Welcome to Who? What? Where? When? Why? on the World Wide Web. Your comments, criticism and suggestions: editors#8w.forix.com (replace # with @).
8W is forix.autosport.com's motorsport history section and covers the drivers, cars, circuits, eras and technology that shaped the face, sounds and smells of motor racing.

2023 Silverstone Festival report
New name, same old format for success


Related articles


Steve Brooks


Peugeot 90X




2023 Silverstone Festival (August 25, 2023)

Steve Brooks, Peugeot 90X, 2023 Silverstone Festival

Despite its new name, the Silverstone Festival in 2023 went on to use the successful concept that it has exploited in all its years as the Silverstone Classic and later the Classic. The split morning and afternoon paddocks were back, as were trusty promoters Masters Historic Racing, Motor Racing Legends, the Historic Grand Prix Car Association, the Formula Junior Historic Racing Association as well as the hosting HSCC. High-profile demos once again included a programme catering to a family day out, with lots of infield activity and three nights of concerts to end each day of racing. We were there for the competitive element, however, and with packed entries – as has always been the custom at Silverstone – the races proved to be highly entertaining on a weekend of changeable weather conditions.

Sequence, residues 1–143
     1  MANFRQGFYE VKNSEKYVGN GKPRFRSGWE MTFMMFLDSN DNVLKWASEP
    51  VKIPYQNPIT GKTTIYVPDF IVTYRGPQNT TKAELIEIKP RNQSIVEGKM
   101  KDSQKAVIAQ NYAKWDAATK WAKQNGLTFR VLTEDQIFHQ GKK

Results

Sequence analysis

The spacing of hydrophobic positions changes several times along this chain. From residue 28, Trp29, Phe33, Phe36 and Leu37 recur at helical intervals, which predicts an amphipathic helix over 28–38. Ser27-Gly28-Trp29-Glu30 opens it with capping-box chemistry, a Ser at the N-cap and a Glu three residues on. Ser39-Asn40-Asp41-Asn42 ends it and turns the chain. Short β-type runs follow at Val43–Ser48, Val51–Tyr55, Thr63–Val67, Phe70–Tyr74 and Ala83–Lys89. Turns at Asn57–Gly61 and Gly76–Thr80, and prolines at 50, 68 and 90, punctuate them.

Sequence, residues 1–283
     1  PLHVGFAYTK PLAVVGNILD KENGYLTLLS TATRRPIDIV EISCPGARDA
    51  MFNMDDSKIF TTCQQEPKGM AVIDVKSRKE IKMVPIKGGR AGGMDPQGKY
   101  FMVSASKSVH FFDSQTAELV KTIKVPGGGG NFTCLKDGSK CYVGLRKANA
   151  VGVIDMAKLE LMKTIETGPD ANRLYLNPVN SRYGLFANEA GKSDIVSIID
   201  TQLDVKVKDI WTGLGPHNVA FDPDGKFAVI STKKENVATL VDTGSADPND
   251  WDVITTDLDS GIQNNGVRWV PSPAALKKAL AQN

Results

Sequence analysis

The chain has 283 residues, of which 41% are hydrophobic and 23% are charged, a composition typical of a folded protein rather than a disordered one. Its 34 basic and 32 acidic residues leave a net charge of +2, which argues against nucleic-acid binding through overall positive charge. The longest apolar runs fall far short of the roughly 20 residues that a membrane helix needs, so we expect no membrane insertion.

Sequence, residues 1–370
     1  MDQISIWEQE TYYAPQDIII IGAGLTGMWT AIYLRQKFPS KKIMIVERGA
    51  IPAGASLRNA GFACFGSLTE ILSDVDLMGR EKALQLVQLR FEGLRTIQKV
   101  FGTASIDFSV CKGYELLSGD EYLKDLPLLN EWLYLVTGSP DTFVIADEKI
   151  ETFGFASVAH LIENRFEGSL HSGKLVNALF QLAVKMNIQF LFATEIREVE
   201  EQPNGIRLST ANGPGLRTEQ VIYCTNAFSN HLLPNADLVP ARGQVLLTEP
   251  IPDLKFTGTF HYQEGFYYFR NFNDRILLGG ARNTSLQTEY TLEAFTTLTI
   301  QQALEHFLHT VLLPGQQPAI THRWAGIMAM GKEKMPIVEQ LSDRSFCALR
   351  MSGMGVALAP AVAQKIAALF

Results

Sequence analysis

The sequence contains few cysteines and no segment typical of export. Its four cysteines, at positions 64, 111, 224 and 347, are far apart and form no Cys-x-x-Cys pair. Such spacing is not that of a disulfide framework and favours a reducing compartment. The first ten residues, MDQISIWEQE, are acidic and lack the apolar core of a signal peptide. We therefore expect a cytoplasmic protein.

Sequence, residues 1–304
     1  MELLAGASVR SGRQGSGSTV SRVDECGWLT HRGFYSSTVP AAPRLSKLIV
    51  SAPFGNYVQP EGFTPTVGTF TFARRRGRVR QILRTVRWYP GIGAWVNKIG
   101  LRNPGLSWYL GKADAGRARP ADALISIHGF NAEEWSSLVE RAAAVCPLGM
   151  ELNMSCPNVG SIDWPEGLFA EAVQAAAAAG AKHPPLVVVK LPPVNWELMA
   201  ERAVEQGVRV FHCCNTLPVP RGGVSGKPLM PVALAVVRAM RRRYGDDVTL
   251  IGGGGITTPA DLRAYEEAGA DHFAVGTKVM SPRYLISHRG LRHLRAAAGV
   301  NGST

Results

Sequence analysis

Michael Lyons, Lotus 92, 2023 Silverstone Festival

Michael Lyons gambled on slick tyres on a damp track and was suitably rewarded with a crushing win in the second Masters Racing Legends race. (photo 8W)

Once again, the Masters Racing Legends for Formula One cars from 1966 to 1985 formed a pair of highlights twice scheduled at 'prime time' on Saturday and Sunday. The entry number hit the 30-mark, so one car more than at Zandvoort, but due to various breakdowns in qualifying and even on the Thursday test day, the actual number of competing cars did not rise above the record of 29 set at Zandvoort.

The first race was plagued by two safety cars, but the restart after the first safety car did bring the – provisional – decision, as Mike Cantillon guided his Williams FW07C from fourth to first place in one lap to take the win. At least, that's what he thought he did, since afterwards it was discovered that his rear-wing setting was illegal, an omission fully admitted by his mechanic who had forgotten to take the measurements. Sadly for the Irishman, it earned him an embarrassing disqualification. As a result, victory went to Ken Tyrrell yet again, having started from pole in his Tyrrell 011. Setting that pole time had already been a huge satisfaction for the American amateur in a field with a host of professionals and experienced driver-preparers, and now he had taken his third win on the trot, having won twice at Zandvoort already.